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Health exchanges attracting low-income participants

Health exchanges attracting low-income participants

Participation in public health insurance exchanges is heavily skewed in favor of those with very low incomes, according to a new analysis.

While 76% of eligible individuals with incomes between 100% and 150% of the federal poverty level enrolled in plans offered in the federal health insurance exchange, just 20% of those with incomes between 251% and 300% of the federal level opted for coverage, according to analysis by Avalere Health L.L.C., a Washington-based consultant.

The federal exchange offers coverage in the 37 states that declined to set up their own exchanges, which were authorized by the health care reform law.

The reason for the decline in the exchange participation rate as individual income rises is basic, says Avalere: The amount of the federal premium subsidy provided to buy exchange coverage declines with higher income.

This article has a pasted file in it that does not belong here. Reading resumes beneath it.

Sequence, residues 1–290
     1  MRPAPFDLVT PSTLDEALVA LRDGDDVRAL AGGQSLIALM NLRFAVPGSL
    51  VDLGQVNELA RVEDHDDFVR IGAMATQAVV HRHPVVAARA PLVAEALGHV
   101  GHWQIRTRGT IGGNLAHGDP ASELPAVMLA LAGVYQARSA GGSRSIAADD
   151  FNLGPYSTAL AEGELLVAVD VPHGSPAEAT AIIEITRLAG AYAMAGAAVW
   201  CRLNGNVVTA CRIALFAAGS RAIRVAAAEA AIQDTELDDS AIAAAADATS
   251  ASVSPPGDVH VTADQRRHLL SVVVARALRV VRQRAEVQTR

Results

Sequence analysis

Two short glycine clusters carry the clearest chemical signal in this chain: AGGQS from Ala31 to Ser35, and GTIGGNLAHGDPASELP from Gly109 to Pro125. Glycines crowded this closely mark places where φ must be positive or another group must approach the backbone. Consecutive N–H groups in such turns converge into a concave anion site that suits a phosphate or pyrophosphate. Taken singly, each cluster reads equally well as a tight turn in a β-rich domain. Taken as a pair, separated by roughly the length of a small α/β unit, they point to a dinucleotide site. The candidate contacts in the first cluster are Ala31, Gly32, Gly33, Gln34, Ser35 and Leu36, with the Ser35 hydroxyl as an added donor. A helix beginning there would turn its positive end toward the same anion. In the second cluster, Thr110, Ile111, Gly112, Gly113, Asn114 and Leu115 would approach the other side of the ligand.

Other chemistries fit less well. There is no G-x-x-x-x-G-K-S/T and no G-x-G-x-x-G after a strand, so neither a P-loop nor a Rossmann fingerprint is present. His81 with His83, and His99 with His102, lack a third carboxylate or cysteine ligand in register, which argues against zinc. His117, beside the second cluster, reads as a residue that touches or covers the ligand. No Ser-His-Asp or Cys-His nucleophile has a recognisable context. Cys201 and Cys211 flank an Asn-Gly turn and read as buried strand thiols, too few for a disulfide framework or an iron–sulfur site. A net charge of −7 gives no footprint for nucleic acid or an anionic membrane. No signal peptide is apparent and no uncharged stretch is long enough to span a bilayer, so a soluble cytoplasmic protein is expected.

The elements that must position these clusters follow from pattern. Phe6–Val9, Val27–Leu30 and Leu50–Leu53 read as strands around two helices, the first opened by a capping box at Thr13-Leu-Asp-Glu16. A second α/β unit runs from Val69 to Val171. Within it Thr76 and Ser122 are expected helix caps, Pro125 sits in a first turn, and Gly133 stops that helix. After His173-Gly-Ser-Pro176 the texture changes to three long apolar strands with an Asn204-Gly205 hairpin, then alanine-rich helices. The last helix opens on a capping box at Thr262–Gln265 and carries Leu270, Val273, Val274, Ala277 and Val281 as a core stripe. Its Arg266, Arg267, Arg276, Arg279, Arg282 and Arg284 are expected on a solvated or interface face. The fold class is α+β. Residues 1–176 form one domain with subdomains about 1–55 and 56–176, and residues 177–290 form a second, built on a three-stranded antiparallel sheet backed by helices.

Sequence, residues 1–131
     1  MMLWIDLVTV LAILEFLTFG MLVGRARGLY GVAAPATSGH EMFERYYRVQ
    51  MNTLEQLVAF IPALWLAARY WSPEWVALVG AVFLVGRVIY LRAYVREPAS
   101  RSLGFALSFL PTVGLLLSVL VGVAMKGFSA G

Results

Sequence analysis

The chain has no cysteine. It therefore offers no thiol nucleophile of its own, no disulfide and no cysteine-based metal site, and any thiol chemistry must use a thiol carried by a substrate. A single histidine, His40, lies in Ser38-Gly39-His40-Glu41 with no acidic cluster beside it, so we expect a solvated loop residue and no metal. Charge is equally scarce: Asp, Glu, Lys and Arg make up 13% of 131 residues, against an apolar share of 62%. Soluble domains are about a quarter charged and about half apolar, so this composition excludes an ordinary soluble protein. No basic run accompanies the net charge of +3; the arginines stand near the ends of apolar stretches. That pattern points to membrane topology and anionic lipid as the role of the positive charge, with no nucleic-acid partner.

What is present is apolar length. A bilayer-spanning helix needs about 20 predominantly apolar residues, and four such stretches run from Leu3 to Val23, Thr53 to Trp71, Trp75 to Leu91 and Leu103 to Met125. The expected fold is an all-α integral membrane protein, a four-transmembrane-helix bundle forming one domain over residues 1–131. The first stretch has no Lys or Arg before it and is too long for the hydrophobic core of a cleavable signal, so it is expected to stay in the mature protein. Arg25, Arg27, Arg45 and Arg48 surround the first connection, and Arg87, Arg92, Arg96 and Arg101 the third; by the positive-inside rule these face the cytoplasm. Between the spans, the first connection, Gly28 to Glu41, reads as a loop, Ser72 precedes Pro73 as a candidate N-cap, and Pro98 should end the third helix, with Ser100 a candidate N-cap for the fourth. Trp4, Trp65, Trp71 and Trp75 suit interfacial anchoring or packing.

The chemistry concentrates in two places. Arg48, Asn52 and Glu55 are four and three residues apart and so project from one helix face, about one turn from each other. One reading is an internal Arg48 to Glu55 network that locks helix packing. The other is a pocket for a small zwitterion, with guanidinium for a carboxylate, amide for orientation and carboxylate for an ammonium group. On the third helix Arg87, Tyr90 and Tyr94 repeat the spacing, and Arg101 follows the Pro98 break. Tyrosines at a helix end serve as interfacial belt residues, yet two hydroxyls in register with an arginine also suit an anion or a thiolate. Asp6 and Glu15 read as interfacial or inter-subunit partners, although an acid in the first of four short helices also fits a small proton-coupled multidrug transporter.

For example, a 25-year-old living in the District of Columbia suburb of Arlington, Virginia, who earns $12,000 a year and opts for single coverage would be eligible for a premium subsidy of just over $200 a month. However, if the same individual earned $25,000 a year, the premium subsidy would be only about $91 a month, according to a plan premium calculator available on the federal exchange website.

“Exchanges will need to attract higher-income individuals to ensure enrollment continues to grow over time,” Caroline Pearson, an Avalere senior vice president, said in a statement.

With premium subsidies apparently not sufficient to boost participation significantly, a “greater emphasis on individual mandate penalties may be needed to increase enrollment among low- and middle-income individuals,” Ms. Pearson said.

This year, the penalty for not having coverage is $325 or 2% of taxable income, whichever is greater.

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